Wolf delisting brings new twist to federal sportsmen’s bill

Some predict, however, that could be bill’s death knell

Washington — Having been denied access to a far-reaching federal appropriations bill, members of Congress seeking to delist wolves in the Midwest and Wyoming apparently have found another vehicle upon which to hitch their wolf-related legislation.

Groups like the Theodore Roosevelt Conservation Partnership last month – at least initially – heralded passage of the Bipartisan Sportsmen’s Act by a Senate committee as a victory for wildlife habitat and hunter access. Shortly thereafter, another group, Minnesota’s Howling for Wolves, condemned an amendment that was added to the multi-faceted bill. That amendment would return wolf management to the states of Michigan, Minnesota, Wisconsin, and Wyoming.

The bill, which has floated around Congress for the past half decade, includes provisions to reauthorize the North American Wetlands Conservation Act and the Neotropical Migratory Bird Act. It also would expand target ranges on public land, and address migratory game bird baiting.

Officials say Senate bill 659, passed by the Environment and Public Works Committee, will coalesce with another sportsmen’s bill passed last November, S. 556, by the Energy and Natural Resources Committee. That bill includes items ranging from the Land and Water Conservation Fund to access to federal land and waterways by film crews. 

“Today’s vote (Jan. 20) was an important step toward improving habitat and access, which translates to more opportunities for sportsmen across the country to live out our unique outdoor heritage,” Whit Fosburgh, president and CEO of TRCP, said in a press statement. “We’re very pleased to see that conservation has support in the Senate at a critical time for our nation’s land, water, and fish and wildlife resources.”

While conservation groups say the bill has several items beneficial to hunters and fishers in the state, it was an amendment to the bill that turned the most heads.

Late last year, Congress passed a trillion-dollar spending bill, and in the process rejected a number of proposed riders – some more divisive than others – that might’ve derailed that legislation. Included on the reject list was a rider that would’ve delisted wolves in the Midwest and Wyoming, and restricted the judiciary in matters relating to wolves in those places.

That legislation resurfaced last month as an amendment to the sportsmen’s bill. It was offered by Wyoming Sen. John Barrasso, and effectively would delist wolves in the Great Lakes states, and Wyoming. The species was relisted under the Endangered Species Act over a year ago, ending state management that included hunting in Michigan, and bringing to a close the latest period of state management of the species.

Barrasso offered these statements following passage of the bill, complete with his amendment:

“My amendment would delist the gray wolf in Wyoming and the Great Lakes under the Endangered Species Act. It also protects that delisting from further judicial review similar to the judicial protections granted by Congress to Montana and Idaho,” he said.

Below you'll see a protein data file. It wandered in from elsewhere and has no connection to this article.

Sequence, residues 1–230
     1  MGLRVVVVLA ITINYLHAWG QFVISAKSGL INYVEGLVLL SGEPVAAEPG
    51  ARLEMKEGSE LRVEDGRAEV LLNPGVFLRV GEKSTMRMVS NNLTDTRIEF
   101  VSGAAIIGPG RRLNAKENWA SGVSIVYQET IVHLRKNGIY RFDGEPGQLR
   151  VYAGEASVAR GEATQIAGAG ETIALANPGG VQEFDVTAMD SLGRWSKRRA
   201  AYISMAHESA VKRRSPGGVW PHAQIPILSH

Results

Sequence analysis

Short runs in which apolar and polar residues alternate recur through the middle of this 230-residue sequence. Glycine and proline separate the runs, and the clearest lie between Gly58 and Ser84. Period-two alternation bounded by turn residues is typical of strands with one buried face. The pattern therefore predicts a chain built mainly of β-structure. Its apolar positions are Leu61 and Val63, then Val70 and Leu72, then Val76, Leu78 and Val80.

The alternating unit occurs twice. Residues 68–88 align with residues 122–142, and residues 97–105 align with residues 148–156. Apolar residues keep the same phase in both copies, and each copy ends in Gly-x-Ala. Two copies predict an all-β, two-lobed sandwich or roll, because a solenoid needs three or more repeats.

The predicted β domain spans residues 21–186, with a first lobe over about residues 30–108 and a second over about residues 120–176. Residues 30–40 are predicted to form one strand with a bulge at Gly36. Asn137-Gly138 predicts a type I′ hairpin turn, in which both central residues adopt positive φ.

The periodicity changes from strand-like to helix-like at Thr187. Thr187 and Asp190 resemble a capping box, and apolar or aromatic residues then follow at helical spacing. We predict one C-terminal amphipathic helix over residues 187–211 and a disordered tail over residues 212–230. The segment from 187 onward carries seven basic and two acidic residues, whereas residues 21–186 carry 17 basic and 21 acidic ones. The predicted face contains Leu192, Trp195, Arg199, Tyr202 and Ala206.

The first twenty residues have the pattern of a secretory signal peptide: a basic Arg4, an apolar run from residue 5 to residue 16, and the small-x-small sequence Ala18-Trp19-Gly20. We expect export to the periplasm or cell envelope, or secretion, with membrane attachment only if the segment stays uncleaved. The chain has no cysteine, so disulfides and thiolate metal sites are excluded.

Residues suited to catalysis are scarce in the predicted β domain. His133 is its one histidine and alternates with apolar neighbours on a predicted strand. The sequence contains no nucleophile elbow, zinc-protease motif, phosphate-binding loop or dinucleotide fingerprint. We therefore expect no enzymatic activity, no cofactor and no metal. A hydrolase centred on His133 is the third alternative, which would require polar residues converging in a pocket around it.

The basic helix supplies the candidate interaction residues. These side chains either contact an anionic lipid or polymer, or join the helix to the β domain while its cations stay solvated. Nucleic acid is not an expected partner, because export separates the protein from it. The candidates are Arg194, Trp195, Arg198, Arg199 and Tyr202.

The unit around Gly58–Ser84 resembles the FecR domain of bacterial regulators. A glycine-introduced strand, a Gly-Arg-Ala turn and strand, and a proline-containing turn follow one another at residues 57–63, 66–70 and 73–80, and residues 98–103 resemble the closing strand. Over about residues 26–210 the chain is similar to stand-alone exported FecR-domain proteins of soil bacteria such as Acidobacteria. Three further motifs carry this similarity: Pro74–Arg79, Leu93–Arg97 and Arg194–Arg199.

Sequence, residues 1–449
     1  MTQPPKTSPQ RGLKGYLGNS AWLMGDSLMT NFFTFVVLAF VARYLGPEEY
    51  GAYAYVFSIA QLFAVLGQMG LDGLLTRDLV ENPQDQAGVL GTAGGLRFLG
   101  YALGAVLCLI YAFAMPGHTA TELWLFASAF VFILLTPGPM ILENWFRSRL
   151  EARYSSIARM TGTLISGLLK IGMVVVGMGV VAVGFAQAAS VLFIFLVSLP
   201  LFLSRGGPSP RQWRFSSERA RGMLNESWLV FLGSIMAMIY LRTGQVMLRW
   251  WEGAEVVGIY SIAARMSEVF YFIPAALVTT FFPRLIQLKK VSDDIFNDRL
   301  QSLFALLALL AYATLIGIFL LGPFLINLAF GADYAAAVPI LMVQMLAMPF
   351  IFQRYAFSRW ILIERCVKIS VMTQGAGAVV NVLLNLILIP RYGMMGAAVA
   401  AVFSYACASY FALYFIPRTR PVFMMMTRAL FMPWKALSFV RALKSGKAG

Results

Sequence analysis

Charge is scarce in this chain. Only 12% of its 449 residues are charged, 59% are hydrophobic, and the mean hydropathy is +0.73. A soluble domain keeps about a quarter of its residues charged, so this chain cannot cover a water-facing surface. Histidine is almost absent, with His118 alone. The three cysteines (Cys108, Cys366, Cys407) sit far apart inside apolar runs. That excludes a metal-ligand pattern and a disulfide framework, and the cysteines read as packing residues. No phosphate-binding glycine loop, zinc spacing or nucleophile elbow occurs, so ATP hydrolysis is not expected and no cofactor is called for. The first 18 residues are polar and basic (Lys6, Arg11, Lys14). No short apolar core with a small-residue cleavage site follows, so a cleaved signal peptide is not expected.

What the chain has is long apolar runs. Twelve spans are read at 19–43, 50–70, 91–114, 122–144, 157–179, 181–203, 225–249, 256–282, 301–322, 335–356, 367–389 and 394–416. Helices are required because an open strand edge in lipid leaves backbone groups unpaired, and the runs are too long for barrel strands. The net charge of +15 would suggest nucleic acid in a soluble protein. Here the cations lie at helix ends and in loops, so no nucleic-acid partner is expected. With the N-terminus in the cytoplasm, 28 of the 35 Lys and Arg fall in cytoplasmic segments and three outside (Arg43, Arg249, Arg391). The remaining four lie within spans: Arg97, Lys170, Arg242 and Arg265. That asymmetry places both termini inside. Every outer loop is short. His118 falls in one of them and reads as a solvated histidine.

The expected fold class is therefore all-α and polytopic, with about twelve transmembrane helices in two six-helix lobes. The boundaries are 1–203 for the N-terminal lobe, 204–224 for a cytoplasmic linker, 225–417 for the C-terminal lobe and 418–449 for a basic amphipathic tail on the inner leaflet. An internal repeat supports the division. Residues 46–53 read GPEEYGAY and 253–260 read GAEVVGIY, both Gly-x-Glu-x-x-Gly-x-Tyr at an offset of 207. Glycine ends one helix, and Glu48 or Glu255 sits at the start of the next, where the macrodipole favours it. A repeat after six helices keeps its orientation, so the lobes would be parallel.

“The time to move forward, recognize the science, and focus our scarce taxpayer resources on truly imperiled species is now.”

According to Barrasso’s office, the amendment specifically directs the secretary of the Interior to reissue final rules related to the listing of the gray wolf in Wyoming, Michigan, Wisconsin, and Minnesota.

Groups like TRCP long have supported the provisions of the sportsmen’s bill. But few believe the wolf-delisting amendment is a good thing for its long-term health.

“In the context of this bill, I don’t think it’s a great addition,” Steve Kline, TRCP’s director of government relations, said of the Barrasso amendment.

Kline said the organization supports state management of a species that’s met agreed-upon delisting criteria in the states in question. “But we have generally opposed, though, Congressional meddling at the species level,” he said.

Further, he said, the amendment could set up the bill, which has failed multiple times to pass in Congress, to fail again.

During its six-year history, Kline said, the bill has “attracted problems” of various types; the last time it was gun-control measures.

That was 2014, when Senate Democrats first offered a “slew of gun amendments,” Kline said. A volley then came from the Republican side of the aisle.

“It started to take on water from both sides,” he said of the sportsmen’s bill. With the wolf amendment, along with another contentious amendment regarding pesticide permitting, “We’re veering toward a troublesome exit,” he added.

That’s not to mention that it’s a presidential election year, Congress will be in recess much of the summer, and “floor time” will be at a premium, he said.

There’s also the matter of a House version of the sportsmen’s bill that fails to resemble the Senate version in many ways regarding conservation. And, President Obama already has threatened a veto of that House version absent changes, Kline said. 

“It’s a big challenge,” he said.

John Gale, policy director for the group Backcountry Hunters and Anglers, said his organization supports the Senate bill, along with its amendments, “But we would’ve preferred it more without the addition of potentially divisive elements,” he said. The original bill, Gale called “a pretty great base package.”

In a press release, Collin O’Mara, of the National Wildlife Federation, said there are several “important conservation measures” in the bill passed by the Senate committee. But, he added in a NWF press release, “… the committee missed an opportunity to bolster the chances that this important legislation finally passes this year by allowing a few controversial amendments that reduced bipartisan support in the committee.”

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